Accounting & Tax, E-Commerce

Ecommerce Chart of Accounts: What You Need to Know

Ecommerce Chart of Accounts- What You Need to Know

A chart of accounts provides ecommerce businesses with the insights they need to maximize sales potential.

Organizing your ecommerce chart of accounts is critical for business success. If your ecommerce business sells physical products, it’s likely that you’re operating an inventory-based business.

Failing to remain aware of the relationship between inventory management and finances is a leading cause of failure in Australian ecommerce businesses — neglecting to keep track of the amount of capital spent on unsold inventory can cause serious issues in the operation of businesses of any size.

Maintaining an organized, accurate chart of accounts minimizes the risk presented by inaccurate inventory management and finance management.

What is a Chart of Accounts and Why Does it Matter?

    In simple terms, an ecommerce chart of accounts lists every individual account in the general ledger of a business. A chart of accounts summarizes all transactions, presenting a balance sheet of assets, liabilities, revenue, expenses, and equity:

  • Assets include accounts receivable, inventory, equipment, cash, and physical assets
  • Liabilities can include any accounts payable to service providers, suppliers, salaries, or taxes
  • Revenue includes any money brought into an ecommerce business through sales
  • Expenses can include a variety of costs or business spending over a specific time period, with a heavy emphasis placed on cost of goods sold, or COGS
  • Equity refers to any stock or shares in a company held by owners, partners, or investors

Understanding the information presented in a chart of accounts, but it’s important to understand how to action the data it provides.

Calculating Profitability with a Chart of Accounts

Using the data presented in your chart of accounts, it’s possible to calculate profitability.

To calculate profitability, subtract the cost of goods sold from revenue — the result is the gross profits of a sale. Dividing the gross profit by revenue will then provide you with the gross margin.

Gross margin is an important data point for ecommerce businesses, as it allows business operators to assess the amount of profit generated from a sale compared to the total cost of the product.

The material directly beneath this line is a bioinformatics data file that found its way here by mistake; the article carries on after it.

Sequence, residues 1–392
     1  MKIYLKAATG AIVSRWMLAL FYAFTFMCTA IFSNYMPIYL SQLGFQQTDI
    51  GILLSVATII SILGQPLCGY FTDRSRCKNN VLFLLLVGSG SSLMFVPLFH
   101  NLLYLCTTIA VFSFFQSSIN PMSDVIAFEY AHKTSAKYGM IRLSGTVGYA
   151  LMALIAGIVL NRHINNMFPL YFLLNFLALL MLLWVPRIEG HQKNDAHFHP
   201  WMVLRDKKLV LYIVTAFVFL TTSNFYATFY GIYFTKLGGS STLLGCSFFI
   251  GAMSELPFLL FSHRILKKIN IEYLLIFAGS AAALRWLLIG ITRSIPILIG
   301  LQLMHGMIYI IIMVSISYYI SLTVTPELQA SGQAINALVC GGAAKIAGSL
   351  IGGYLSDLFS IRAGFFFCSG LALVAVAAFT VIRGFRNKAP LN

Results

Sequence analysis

Calculating Cash Flow with a Chart of Accounts

Cash flow is critical to the success of any ecommerce business. While it’s important to generate profit, the capital generated through sales is only meaningful when it becomes accessible.

Reliable and consistent cash flow allows businesses to ensure they are meeting expenses and are able to continue operation, as well as make forecasts for business purchases or investments. Assessing cash flow through an ecommerce chart of accounts can provide businesses with insight into the impact of sales on the balance sheet, breaking down investments, loans, and sales data points.

Key Takeaways

Maintaining an accurate, regularly-updated chart of accounts allows ecommerce business operators to capture insight into high-performing products, thereby facilitating accurate planning and forecasting.

An ecommerce chart of accounts is an essential tool that provides ecommerce businesses with the ability to adjust their business model to the dynamic online marketplace, enhancing the efficiency of business operation and streamlining the decision making process.

Managing an ecommerce chart of accounts for your business is an important step in following an effective business accounting strategy. For detailed guidance on ecommerce accounting, reach out to Fullstack for advice today. You may also find some of the following articles useful:

Ecommerce Accounting Basics: Making Profits Online

Cost of Goods Sold: What You Need to Know About Inventory

Chart of Accounts: An Easy Set Up in Xero

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